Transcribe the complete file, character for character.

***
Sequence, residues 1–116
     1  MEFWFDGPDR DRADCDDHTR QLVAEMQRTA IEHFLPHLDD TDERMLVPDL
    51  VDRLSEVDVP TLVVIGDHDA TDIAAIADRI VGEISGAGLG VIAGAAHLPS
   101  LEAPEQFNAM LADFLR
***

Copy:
Sequence, residues 1–116
     1  MEFWFDGPDR DRADCDDHTR QLVAEMQRTA IEHFLPHLDD TDERMLVPDL
    51  VDRLSEVDVP TLVVIGDHDA TDIAAIADRI VGEISGAGLG VIAGAAHLPS
   101  LEAPEQFNAM LADFLR